The part of the story that gets me is that most, not all, but most of these directionally challenged athletes blamed the race director for their mistake. One year I was driving the van that rides around the bike course looking for athletes that need help. At mile 40 of the full course, there was a young woman who was clearly in last place. I drove along side of her, rolled down the passenger window and asked how she was doing. I had no intention of pulling her from the course, because at her current speed she had a chance to finish before the cutoff. She spent the next 60 seconds yelling at me about how she got lost because she turned left at that “confusing” intersection. Apparently, she didn’t see any of the signs or notice the cones. Neither did she see or hear the volunteers. I guess she didn’t study the course map either.

I heard reports from my friends at the aid stations the she was still complaining to anyone within earshot of her. I believe them, because I was at the bike finish when she rolled in. She had just made the cutoff and I could hear her bitching to the spectators and volunteers about how she got lost. She was so angry that she quit the race and never came out of transition to start the run.

I heard second hand about another case study: the long course athlete that rode the entire half course. I don’t know how true this is, but when he came into transition he knew something was wrong by the distance on his bike computer. He claimed he had no idea that he was on the wrong course. For 23 miles he had no idea that he was on the wrong course! I heard that our race director, being the nice guy he is, drove this athlete out to mile 56 and dropped him off so he could continue his full course race. Did the race director actually do that? I don’t know.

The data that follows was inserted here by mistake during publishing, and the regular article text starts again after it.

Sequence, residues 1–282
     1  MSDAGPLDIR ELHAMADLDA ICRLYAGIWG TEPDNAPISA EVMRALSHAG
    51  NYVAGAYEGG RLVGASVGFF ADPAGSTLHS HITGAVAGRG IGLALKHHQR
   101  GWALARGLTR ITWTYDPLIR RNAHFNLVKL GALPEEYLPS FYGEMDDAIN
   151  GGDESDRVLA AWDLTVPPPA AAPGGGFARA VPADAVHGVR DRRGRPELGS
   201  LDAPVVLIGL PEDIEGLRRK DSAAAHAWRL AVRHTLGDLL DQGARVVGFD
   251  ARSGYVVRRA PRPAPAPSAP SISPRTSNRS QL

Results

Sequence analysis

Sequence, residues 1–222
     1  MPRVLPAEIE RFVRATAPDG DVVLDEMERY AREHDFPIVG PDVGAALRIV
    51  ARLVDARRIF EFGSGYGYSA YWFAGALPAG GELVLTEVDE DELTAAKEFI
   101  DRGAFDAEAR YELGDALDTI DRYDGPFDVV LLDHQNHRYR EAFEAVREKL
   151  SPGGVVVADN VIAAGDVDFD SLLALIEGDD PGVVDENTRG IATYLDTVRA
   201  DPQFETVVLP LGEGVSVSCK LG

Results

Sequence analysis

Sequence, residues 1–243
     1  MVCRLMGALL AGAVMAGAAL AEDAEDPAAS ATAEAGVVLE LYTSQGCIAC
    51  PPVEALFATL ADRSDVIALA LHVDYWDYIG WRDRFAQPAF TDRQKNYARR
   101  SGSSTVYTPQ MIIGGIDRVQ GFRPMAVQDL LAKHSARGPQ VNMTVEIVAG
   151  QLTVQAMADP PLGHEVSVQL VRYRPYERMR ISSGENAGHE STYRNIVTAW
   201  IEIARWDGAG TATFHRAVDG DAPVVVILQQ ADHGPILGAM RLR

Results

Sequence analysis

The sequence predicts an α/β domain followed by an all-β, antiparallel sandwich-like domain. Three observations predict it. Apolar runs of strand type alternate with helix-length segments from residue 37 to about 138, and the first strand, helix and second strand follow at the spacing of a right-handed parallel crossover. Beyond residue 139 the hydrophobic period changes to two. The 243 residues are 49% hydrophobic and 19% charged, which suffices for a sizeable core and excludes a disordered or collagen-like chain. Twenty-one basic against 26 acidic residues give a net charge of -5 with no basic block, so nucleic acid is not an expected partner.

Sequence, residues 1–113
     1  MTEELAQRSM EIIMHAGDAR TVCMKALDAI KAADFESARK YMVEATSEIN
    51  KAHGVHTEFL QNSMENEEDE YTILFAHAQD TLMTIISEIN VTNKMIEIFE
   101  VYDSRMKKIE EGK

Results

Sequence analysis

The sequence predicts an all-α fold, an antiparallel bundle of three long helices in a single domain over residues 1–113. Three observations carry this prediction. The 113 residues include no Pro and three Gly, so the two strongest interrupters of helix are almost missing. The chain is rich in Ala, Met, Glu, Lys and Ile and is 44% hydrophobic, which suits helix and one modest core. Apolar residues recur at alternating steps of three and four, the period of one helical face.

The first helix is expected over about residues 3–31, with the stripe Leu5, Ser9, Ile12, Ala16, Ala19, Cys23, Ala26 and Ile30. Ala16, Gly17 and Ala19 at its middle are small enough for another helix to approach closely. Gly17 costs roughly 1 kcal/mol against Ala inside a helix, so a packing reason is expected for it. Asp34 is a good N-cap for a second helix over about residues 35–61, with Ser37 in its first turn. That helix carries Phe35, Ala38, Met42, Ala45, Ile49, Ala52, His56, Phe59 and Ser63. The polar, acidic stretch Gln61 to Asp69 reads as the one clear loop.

So that’s the story behind the video. Just do me a favor and please study the course maps for your next race. Because if you get lost, it’s not the race director’s fault.

Until tomorrow…

Day 74 – What Does Stupid Feel Like?

We are now 74 days into training for IRONMAN 70.3 Chattanooga and I’m feeling pretty good about my progress. But I’m feeling pretty stupid about what I did today. (No. I did not put on my wetsuit backwards again).

I use TrainingPeaks (TP) to plan workouts and store data. I love it. I’ve used their web based service since 2007 and have never had a problem. I use Final Surge also, but I don’t like it as much as TrainingPeaks.